September 23rd, 2015
|01:58 pm - New Black Panther comic written by Ta-Nehisi Coates|
These days, I pretty much only read comics by Marvel and occasional indie comics, mostly written by Warren Ellis, I haven't seen anything I really liked by DC for more than a year. When I go to my local comic store today, I'm going to add another Marvel title to my box - a new run of the Black Panther comic, written by Ta-Nehisi Coates. I had no idea Coates was into comics (or as the article mentions D&D), but I do know he's written painfully honest and deeply excellent articles about race in the US. Here are two of his best: The Case For Reparations, and his more recent piece Between the World and Me.
A decade ago, I read Reginald Hudlin's run of Black Panther a decade ago and liked it, especially the issues which involved Black Panther spending time with pretty much every other black super, but I'm expecting this new series to be even better, and perhaps at times a bit painful to read - we have a very long way to go wrt race in the US.
I remember that ages ago you wrote quite a cogent comment over on my journal about why twin studies were useless.
Sadly, I now can't find it.
Is there any chance you could either point me towards a decent article on it, or write a post yourself explaining it?
(I keep bumping into twin study stuff, and I'd like to be able to point people at a good explanation for why there are issues (or refresh my memory on it)).
If you aren't comfortable putting up a post on your own journal about it, I'd be happy to host it myself.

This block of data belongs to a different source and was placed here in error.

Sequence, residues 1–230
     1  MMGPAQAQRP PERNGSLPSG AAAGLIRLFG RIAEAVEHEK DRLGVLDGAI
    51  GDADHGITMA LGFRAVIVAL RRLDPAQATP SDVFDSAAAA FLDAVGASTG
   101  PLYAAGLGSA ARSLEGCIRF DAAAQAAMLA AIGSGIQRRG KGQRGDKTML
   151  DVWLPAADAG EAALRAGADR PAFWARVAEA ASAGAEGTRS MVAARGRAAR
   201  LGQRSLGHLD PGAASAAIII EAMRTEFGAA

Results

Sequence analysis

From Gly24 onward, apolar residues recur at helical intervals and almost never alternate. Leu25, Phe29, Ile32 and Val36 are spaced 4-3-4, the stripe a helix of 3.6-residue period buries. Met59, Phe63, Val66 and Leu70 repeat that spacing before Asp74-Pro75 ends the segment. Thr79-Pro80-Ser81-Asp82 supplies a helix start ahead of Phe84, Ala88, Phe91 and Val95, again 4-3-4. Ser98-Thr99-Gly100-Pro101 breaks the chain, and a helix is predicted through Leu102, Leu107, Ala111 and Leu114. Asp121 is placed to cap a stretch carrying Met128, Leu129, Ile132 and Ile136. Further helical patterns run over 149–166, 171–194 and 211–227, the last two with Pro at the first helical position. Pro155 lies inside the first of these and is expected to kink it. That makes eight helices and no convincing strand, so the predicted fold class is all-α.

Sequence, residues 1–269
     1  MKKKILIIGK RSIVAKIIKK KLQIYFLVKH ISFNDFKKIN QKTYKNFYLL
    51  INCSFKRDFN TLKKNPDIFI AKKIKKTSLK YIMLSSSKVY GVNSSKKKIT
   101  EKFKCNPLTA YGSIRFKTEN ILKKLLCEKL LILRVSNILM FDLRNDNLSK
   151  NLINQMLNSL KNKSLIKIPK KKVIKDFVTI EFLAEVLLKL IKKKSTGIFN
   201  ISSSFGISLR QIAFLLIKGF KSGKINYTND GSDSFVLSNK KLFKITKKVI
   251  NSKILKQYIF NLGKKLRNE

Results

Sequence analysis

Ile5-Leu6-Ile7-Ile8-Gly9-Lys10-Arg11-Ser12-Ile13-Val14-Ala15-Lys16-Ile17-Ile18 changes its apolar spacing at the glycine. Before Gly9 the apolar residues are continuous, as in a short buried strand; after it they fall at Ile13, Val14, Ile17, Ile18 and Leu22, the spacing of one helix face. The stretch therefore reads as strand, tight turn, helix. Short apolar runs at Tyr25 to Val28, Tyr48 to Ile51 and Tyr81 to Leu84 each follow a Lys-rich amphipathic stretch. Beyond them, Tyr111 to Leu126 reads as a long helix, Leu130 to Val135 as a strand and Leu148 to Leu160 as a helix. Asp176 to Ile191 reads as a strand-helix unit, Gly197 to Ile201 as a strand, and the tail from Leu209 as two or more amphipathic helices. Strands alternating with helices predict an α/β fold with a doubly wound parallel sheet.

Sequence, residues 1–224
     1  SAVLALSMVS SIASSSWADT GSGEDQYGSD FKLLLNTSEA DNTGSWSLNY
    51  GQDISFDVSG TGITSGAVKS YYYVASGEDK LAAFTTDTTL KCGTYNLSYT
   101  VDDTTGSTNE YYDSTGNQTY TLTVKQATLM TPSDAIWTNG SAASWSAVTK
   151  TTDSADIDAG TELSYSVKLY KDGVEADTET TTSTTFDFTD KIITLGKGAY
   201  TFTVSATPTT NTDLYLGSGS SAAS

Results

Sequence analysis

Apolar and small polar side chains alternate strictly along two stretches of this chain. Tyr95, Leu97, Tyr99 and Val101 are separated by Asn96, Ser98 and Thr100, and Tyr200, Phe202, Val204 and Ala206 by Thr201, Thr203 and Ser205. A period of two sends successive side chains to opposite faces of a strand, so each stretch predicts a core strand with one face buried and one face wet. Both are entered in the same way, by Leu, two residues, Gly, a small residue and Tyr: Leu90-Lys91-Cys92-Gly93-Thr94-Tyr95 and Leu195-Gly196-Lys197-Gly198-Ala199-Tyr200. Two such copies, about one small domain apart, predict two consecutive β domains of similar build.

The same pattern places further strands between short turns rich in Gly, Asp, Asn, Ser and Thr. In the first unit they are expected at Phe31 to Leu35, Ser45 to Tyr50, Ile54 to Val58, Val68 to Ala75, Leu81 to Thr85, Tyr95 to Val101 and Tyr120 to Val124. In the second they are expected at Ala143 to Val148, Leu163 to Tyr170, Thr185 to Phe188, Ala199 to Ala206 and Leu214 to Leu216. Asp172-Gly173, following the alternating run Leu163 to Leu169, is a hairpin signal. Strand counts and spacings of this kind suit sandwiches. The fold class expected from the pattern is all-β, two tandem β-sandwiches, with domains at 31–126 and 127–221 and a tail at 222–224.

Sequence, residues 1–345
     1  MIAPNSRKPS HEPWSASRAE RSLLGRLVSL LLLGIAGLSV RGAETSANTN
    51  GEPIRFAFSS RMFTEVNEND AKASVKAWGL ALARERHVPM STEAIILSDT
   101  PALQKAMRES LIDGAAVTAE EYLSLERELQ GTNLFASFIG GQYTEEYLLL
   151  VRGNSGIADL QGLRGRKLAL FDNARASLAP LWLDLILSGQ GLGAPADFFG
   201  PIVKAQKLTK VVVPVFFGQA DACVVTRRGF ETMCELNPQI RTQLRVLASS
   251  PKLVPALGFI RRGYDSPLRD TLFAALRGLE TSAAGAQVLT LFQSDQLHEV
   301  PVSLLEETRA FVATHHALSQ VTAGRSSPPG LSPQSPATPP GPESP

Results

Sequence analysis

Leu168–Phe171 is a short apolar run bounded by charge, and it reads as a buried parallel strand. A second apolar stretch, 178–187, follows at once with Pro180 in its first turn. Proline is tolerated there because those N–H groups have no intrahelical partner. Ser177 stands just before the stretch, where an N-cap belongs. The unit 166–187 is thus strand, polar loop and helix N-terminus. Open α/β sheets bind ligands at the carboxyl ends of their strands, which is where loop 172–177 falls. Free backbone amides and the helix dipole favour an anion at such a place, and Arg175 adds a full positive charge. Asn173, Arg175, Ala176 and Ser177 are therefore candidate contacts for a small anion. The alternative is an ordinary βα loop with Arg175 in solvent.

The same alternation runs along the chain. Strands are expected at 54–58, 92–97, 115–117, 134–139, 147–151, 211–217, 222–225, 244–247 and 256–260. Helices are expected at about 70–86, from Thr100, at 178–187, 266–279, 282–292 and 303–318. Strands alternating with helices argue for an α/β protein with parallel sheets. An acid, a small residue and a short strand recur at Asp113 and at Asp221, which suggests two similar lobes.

|Date:||November 2nd, 2015 10:47 pm (UTC)|| |
I can't find that article I read and part of my argument was from talking to a friend who had read even more articles, but the basic idea is simple. There are only 2 types of twin studies possible - studies where they have been raised together, and studies where they haven't. The problem with the first sort of study is obvious, in addition to growing up in the same environment, there are cultural expectations in most of the world that identical twins are far more similar to one another than other siblings, and so similarities are expected.
The primary problem with the second sort of study is that identical twins who were adopted by different parents are exceedingly rare, so your sample size is terrible - my friend mentioned that he'd read in several places that there were less than 40 such cases which were in common use. Also, unless by chance you happen to find a pair of separate twins who don't know about one another, you can only work with twins who have encountered their twin, often years or even decades before, which again gives plenty of time for each twin to model their behavior off the other. In such cases, all you can reliably get is data about each twin from before they found the other (like standardized test scores and suchlike), and you still have the problems of exceedingly small sample sizes.